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Fiscal Risk in a Monetary Union

  • Betty Daniel
  • Christos Shiamptanis

A country entering a monetary union gives up the right to determine its own monetary policy. Individual fiscal authorities promise passive fiscal policy, allowing the central monetary authority to use active monetary policy. Since a government, which can print its own money, can honor its nominal debt unconditionally, entrance into a monetary union raises new issues of potential fiscal insolvency. When there is an upper bound on the magnitude of the surplus and stochastic shocks to the surplus, a government can find itself in a position in which it cannot borrow to continue with its desired passive fiscal policy. This paper considers the risk of a fiscal financial crisis in a monetary union under alternative assumptions about how the fiscal authority would respond. The response affects the timing and probability of a crisis. We consider both outright default and policy switching, whereby the fiscal authority in crisis switches to active fiscal policy and the monetary authority switches to passive monetary policy. We apply the model to estimate fiscal risk in the European Monetary Union. Using panel estimates of the parameters in the surplus rule and initial values for government debt and the primary surplus, we simulate fiscal risk under the two alternative fiscal responses to a crisis. We find that countries with initial values bound by the Maastricht Treaty limits are safe, while countries like Italy and Greece, in which debt has strayed far above these limits, might not be.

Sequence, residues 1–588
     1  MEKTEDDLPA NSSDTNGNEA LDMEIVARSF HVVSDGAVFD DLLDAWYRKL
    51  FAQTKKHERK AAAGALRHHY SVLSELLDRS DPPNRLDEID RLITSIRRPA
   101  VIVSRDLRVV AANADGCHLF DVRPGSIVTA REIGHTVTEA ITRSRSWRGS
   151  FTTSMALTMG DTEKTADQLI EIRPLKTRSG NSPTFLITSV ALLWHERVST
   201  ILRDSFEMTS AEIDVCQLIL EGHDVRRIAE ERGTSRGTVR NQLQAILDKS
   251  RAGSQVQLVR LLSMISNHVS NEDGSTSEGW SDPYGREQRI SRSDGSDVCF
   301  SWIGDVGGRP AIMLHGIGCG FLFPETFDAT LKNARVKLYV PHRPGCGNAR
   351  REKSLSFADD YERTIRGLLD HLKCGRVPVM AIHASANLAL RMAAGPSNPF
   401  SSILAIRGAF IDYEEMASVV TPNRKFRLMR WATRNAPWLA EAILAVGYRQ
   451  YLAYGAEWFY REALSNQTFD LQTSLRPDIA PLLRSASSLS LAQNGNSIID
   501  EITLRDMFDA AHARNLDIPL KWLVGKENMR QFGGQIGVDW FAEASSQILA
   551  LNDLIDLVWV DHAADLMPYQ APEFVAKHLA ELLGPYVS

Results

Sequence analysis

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File URL: http://www.albany.edu/economics/research/workingp/2008/RiskEMU12188.pdf
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Paper provided by University at Albany, SUNY, Department of Economics in its series Discussion Papers with number 08-12.

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Date of creation: 2008
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Handle: RePEc:nya:albaec:08-12
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